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History of French naturalization

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History of French naturalization

The history of French naturalization starts in the early 19th century. There are three key dates in the legal history of naturalization:

Naturalization
Year Event
1804 Civil Code, which allowed the possibility of naturalization.
1851 third generation immigrants (those with one parent born on French soil) were allowed to naturalize.
1889 second generation immigrants (those born on French soil) were allowed to naturalize once they reached the age of majority.

Third Republic

Creating Frenchmen

Military service and state education were two processes central to the creation of a common national culture. Military conscription (universal from 1872, in theory if not in practice) brought inhabitants of the state's regions together for the first time, creating bonds of friendship and encouraging the use of French rather than regional dialects. Universal education (the aim of the Jules Ferry Laws, 1879–1886) brought the whole of the population into contact with state-sanctioned accounts of French history and identity. State teachers, the "hussars of the republic," conveyed the national language to the people of the regions.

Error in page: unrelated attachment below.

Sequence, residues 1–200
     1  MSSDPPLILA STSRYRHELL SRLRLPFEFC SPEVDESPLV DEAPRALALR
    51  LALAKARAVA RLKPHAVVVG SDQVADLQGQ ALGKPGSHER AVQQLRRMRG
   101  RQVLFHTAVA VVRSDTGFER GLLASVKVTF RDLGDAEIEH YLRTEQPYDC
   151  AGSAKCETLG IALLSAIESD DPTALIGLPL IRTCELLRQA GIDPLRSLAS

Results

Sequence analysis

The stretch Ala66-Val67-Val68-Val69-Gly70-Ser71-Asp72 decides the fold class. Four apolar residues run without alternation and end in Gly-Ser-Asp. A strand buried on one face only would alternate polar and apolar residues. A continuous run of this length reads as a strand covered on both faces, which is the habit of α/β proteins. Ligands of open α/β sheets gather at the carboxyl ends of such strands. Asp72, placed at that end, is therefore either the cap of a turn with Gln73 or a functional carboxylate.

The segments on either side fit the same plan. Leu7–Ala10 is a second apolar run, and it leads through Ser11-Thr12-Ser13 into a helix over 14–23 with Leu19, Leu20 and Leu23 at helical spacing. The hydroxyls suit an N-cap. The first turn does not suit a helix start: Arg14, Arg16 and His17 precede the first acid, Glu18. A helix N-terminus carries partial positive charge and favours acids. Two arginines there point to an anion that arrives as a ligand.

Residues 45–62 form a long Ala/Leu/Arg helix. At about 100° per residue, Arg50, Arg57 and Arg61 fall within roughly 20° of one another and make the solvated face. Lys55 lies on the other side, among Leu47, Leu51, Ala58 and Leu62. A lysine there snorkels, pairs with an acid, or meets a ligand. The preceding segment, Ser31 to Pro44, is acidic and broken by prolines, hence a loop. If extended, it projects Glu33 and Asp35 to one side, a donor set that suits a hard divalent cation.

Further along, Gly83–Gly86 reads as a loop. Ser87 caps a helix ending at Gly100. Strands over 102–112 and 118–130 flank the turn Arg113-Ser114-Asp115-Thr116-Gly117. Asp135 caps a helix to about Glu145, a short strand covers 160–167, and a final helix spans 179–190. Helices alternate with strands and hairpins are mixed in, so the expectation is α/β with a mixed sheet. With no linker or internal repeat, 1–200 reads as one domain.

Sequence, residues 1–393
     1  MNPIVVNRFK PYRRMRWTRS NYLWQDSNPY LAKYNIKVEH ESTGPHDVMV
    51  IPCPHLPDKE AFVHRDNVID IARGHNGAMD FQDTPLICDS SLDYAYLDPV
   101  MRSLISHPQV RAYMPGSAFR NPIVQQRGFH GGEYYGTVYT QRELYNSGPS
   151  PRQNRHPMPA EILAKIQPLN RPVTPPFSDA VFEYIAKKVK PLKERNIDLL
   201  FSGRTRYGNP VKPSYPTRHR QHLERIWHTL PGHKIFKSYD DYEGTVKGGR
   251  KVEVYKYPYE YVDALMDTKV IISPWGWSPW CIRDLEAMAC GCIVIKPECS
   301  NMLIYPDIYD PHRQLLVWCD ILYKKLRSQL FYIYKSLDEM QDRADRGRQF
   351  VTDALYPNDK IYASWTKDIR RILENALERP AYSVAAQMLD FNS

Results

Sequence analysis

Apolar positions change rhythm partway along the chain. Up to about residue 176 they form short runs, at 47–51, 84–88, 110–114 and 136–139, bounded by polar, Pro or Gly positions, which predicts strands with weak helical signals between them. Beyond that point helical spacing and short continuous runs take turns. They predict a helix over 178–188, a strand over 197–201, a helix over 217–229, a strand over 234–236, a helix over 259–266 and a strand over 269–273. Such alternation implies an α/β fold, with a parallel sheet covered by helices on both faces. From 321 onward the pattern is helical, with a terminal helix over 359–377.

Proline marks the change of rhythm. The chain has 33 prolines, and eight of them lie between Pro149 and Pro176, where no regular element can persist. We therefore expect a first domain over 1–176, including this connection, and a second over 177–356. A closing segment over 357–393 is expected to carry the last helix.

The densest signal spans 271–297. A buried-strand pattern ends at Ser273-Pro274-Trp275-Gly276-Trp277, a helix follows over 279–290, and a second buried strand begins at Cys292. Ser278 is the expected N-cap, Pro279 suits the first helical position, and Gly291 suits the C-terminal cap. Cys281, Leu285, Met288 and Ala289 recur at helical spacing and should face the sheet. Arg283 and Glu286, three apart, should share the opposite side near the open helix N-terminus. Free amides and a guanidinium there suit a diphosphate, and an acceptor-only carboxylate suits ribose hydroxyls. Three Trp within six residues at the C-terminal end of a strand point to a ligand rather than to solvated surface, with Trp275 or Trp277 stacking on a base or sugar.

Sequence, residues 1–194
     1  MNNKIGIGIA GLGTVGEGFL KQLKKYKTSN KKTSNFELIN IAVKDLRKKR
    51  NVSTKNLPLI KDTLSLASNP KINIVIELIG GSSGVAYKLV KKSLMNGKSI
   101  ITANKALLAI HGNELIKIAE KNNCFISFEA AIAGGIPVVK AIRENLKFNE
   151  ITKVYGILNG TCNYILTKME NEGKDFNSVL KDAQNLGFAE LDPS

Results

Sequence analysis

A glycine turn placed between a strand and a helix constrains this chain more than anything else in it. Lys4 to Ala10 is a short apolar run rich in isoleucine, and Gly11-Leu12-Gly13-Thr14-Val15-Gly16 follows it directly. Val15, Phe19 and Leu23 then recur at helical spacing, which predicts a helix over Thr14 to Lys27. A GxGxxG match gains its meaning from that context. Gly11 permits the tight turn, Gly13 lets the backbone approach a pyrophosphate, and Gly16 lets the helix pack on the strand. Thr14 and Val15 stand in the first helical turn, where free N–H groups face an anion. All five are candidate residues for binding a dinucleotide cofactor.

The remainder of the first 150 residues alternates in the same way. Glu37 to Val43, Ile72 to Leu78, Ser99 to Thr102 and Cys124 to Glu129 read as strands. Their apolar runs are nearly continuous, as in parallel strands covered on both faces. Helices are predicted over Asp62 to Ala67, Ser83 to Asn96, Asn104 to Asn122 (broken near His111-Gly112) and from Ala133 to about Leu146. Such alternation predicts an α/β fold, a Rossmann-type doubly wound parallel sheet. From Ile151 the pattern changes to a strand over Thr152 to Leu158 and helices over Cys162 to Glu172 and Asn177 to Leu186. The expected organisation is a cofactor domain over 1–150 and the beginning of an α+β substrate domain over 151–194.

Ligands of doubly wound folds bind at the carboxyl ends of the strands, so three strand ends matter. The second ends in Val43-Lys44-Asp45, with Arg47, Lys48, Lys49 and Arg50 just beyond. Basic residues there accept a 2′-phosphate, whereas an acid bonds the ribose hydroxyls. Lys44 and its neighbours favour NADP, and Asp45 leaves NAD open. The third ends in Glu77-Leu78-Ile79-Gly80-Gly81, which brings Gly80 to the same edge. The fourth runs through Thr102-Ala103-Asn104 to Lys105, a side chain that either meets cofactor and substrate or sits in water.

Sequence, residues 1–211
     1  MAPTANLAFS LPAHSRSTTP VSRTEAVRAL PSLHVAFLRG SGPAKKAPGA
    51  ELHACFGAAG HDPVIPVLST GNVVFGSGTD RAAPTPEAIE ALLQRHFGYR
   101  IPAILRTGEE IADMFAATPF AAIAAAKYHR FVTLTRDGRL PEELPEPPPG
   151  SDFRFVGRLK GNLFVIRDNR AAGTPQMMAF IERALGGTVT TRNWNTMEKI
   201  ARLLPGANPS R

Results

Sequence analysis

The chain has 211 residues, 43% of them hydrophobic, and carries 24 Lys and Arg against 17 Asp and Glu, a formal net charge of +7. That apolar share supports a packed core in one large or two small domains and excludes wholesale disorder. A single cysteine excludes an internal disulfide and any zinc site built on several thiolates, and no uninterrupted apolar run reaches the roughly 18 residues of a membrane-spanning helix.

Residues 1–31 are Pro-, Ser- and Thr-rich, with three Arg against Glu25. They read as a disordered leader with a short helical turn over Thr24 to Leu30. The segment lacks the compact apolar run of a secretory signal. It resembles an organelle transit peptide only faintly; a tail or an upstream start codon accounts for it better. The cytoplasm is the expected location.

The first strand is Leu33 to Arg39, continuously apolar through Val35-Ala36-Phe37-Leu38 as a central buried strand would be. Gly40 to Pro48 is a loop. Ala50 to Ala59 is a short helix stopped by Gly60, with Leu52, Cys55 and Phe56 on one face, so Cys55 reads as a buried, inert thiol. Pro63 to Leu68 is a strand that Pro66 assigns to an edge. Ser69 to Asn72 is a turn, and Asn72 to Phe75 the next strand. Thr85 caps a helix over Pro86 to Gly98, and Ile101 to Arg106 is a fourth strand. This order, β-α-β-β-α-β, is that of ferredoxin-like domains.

Sources

  • Citizenship and Nationhood in France and Germany, by Rogers Brubaker, Harvard University Press (1992) ISBN 0-674-13177-0
  • Peasants Into Frenchmen : The Modernization of Rural France, 1870-1914, by Eugen Weber, Chatto and Windus (1977) ISBN 0-7011-2210-2
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